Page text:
Facing the Challenges

Influx of Nigerians into Abuja and lack of funds to develop infrastructure are the major challenges the Federal Capital Territory Administration is finding creative solutions to






 Twenty-three years after the seat of government officially moved to Abuja, the city has failed to grow with the years. Out of 79 districts that are supposed to have been developed over a period of 25 years, the FCT Administration has only managed to develop 11 districts within a period of 35 years. Usman Adamu, senior special assistant to the FCT minister on economy and finance, said about N40 billion is needed to fully develop a district. But the annual budget of the territory is less than that amount. In 2014, the budget of the territory is a meager N31 billion, without any certainty that all would be released.

The expenditure of the government is growing and different sectors are competing for the available resources. The result is that the FCTA cannot get enough funds to meet its developmental needs. This is why development of new districts, construction of new city roads, expansion of water supply and provision of infrastructure in old districts have become almost impossible for the FCT administration.

Yet, the city continued to grow in population, estimated at five million, especially as insecurity in the northern parts of the country forced many to relocate to the FCT. The available infrastructure has been overstretched, leading to the growth of slums in the city. Lands allocated for housing have been developed without government being able to provide infrastructure in such areas. Yet, costs of houses and rents have continued to climb the roof largely because of land speculation. People who get government allocation resell at exorbitant prices to third parties and developers.

The result is that poorly planned districts have surfaced in the city, leading to flooding of residential areas, traffic gridlock, congestion and unsafe neighbourhoods. Genuine developers were unable to access land to build affordable housing for the teeming population. This was the situation when Bala Mohammed, a senator, was appointed minister of the territory. He and his team studied the situation and thought of how best to accelerate the development of the city in line with its master plan. They brainstormed on how Abuja could be given an urgent facelift in view of dwindling budgetary allocation.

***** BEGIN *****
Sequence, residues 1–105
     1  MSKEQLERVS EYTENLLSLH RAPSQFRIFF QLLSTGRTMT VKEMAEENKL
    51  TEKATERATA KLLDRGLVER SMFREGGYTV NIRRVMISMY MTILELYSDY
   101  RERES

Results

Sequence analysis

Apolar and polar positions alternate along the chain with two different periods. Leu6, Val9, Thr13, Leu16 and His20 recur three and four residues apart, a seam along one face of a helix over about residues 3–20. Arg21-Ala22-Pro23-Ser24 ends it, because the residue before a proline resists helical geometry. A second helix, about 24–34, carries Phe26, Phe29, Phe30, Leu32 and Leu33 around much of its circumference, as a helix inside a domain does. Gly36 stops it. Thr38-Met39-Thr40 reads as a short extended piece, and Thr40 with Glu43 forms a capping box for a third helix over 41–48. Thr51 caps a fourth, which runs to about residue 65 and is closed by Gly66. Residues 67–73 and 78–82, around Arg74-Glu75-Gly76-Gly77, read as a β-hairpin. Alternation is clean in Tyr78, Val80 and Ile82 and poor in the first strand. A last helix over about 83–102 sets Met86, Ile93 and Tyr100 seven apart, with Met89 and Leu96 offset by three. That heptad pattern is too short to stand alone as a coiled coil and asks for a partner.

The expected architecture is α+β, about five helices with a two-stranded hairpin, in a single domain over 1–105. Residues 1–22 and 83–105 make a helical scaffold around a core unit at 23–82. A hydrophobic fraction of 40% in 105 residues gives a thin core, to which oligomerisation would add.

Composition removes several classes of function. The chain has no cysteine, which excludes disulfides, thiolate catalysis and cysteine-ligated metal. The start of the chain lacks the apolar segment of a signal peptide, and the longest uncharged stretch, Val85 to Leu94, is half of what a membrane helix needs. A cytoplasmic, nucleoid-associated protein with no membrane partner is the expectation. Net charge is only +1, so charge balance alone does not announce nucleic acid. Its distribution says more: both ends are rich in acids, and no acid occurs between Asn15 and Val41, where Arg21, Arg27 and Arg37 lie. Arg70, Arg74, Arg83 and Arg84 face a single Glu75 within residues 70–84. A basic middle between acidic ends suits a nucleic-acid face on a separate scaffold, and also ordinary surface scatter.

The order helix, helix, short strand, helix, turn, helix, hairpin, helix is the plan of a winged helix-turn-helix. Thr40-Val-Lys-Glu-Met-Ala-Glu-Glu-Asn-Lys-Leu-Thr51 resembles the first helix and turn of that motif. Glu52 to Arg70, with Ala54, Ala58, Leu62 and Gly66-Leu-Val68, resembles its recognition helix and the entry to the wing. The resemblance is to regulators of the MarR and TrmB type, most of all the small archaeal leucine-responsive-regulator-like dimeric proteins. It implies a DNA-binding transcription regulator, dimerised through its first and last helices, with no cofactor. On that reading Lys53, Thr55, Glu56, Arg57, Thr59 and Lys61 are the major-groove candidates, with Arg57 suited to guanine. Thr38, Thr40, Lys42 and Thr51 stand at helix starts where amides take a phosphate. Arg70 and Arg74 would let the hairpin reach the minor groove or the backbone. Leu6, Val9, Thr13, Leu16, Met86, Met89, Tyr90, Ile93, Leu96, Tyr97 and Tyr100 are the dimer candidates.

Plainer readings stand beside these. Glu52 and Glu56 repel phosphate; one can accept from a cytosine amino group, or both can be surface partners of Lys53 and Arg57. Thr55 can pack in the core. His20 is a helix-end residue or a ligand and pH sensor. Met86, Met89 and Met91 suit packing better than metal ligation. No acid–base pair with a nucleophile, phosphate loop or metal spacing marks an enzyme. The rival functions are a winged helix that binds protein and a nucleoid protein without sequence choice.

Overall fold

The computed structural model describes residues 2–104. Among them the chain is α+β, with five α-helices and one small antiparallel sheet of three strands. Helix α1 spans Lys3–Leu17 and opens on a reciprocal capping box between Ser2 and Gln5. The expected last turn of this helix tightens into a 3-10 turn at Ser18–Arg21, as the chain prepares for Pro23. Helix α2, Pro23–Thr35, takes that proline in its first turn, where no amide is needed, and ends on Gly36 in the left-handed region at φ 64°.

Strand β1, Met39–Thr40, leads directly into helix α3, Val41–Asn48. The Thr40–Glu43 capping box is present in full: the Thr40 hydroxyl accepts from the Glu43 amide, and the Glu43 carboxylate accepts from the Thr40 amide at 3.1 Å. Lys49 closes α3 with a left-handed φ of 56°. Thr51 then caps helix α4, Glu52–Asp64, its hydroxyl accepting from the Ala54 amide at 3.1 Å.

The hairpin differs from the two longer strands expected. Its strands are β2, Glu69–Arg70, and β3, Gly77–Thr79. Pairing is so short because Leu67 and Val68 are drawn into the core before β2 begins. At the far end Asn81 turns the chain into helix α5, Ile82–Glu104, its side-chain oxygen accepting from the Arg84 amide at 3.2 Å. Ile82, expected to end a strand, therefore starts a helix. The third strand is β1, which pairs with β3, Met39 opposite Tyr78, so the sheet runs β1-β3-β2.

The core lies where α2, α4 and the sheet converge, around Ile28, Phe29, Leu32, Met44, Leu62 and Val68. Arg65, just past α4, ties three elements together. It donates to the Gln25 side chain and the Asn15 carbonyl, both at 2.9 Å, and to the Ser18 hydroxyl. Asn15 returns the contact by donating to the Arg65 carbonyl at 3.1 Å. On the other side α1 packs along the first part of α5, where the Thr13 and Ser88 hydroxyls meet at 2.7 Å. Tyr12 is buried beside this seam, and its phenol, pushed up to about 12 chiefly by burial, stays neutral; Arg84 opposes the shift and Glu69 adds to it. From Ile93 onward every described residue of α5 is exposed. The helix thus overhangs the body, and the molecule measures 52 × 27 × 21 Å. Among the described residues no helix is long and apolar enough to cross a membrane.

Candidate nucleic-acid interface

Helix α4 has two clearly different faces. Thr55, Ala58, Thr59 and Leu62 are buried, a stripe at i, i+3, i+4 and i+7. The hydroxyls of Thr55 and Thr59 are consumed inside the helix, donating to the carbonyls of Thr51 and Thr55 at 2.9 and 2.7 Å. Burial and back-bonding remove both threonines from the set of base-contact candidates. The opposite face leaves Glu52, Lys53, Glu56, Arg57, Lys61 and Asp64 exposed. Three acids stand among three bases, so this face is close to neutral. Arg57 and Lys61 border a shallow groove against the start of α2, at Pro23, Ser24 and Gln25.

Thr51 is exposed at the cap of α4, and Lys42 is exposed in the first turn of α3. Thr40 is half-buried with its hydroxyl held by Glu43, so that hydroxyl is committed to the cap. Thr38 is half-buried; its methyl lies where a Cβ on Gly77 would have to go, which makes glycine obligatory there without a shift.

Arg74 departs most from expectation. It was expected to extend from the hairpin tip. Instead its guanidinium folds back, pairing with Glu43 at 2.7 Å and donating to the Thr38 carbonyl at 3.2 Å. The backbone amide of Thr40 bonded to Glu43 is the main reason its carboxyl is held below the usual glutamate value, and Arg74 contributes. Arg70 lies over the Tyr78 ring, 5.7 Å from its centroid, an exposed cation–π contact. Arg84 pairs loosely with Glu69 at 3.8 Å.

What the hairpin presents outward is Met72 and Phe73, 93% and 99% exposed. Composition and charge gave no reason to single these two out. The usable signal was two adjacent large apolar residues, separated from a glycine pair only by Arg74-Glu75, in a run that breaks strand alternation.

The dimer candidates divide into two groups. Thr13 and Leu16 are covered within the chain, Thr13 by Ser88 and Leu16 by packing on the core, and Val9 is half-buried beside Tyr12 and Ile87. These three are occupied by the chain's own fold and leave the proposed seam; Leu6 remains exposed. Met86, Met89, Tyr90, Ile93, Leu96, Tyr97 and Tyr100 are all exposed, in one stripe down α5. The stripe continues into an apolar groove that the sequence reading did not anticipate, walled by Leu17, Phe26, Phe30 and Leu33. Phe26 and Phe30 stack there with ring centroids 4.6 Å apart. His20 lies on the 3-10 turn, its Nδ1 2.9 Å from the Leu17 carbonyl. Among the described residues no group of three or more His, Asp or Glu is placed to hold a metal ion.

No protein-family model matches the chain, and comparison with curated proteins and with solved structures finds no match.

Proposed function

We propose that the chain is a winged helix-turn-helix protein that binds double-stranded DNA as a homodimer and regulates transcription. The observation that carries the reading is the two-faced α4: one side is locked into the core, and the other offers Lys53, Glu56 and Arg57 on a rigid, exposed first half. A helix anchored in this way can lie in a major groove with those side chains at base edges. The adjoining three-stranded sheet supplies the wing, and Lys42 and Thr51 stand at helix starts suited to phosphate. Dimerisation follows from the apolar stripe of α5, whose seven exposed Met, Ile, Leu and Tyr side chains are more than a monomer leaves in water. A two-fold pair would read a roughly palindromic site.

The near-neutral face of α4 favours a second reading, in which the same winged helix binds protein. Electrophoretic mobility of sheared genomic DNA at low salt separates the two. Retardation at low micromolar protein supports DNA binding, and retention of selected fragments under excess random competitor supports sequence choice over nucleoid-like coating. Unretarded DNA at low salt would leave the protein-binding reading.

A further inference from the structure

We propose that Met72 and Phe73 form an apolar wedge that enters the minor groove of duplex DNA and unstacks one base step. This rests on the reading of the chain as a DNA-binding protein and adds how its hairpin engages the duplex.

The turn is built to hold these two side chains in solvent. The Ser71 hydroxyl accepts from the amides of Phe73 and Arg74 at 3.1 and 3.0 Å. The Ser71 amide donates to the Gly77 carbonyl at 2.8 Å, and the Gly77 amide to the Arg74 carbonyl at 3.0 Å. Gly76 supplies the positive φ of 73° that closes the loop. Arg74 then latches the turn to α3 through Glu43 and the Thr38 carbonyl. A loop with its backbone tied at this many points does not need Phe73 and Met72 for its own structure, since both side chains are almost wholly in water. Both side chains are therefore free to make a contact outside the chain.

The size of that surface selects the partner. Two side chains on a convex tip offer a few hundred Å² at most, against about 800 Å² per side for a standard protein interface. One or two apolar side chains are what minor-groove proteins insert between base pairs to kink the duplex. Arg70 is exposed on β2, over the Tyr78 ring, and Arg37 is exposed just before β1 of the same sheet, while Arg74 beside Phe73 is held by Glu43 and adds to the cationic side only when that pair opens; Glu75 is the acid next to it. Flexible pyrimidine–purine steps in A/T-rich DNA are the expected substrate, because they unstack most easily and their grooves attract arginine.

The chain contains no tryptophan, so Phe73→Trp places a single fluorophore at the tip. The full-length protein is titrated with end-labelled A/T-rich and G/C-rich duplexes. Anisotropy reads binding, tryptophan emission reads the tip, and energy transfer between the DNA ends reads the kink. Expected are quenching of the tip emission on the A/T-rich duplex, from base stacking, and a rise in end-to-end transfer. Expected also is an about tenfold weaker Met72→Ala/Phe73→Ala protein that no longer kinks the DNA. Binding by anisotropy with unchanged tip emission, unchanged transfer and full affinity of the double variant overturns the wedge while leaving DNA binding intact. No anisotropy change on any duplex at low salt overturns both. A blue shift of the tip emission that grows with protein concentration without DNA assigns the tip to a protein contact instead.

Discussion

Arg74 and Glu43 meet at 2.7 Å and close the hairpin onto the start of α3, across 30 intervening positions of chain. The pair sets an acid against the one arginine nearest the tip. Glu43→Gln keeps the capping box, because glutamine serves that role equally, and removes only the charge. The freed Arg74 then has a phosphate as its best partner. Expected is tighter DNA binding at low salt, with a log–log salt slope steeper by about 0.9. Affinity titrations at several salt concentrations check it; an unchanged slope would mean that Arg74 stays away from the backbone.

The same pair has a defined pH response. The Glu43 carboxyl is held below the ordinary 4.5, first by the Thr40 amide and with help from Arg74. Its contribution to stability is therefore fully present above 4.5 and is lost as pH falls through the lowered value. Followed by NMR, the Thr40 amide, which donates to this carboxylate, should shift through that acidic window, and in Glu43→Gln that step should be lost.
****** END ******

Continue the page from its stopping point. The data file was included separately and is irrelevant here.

The way out was to find an alternative source of funding to develop the city before the descent became irreparable. The administration then came up with the idea of using land, which is the major resource of the territory, as an alternative source of funding for infrastructural development. Thus, instead of scratching for the elusive funds to give the city a facelift and develop infrastructure, the administration decided to partner with the private sector. The private sector is allocated land free while it provides infrastructure, housing and other amenities that the administration may require to develop the city.

This is how the administration was able to get the private sector to open new districts, build infrastructure and houses in different green areas of the city. The advantage is that the huge funds that could have gone into the development of infrastructure are now being channelled towards education, health, transportation, water supply and security. Water supply has been tripled in the city with the installation of two new water treatment plants at Bwari Water Works. It was commissioned early this year by President Goodluck Jonathan. Many places that hitherto lacked tap water in different parts of the city now enjoy running taps.

The administration has also embarked on extension of water supply to Abuja Technology Village, and to private developers’ housing estates to fast-tract development in those areas. Such mass housing estates are also being provided with primary roads to make them more habitable. The roads in the city, which have started failing due to long years of use, are now being resurfaced in phases by the administration. The ones in Wuse have already been completed, and work is expected to start on those in Garki area.

The Department of Development Control has also been energised to ensure a facelift for the city. Building approvals can now be obtained within three months, instead of one year that was the case previously. This is made possible through electronic vetting of building plans. File retrievals and enforcement process are now faster. About 437 abandoned buildings in different parts of the city are now being built to give the city a facelift.

According to Yusuf Anako, director, Development Control, the improvement in the processes of the department has led to increased revenue generation. An agency that used to generate about N800 million now generates up to N3.8 billion yearly. The result of all these is that Abuja is gradually reclaiming itself and growing into a mega city that could be one of the best 20 cities in the world.

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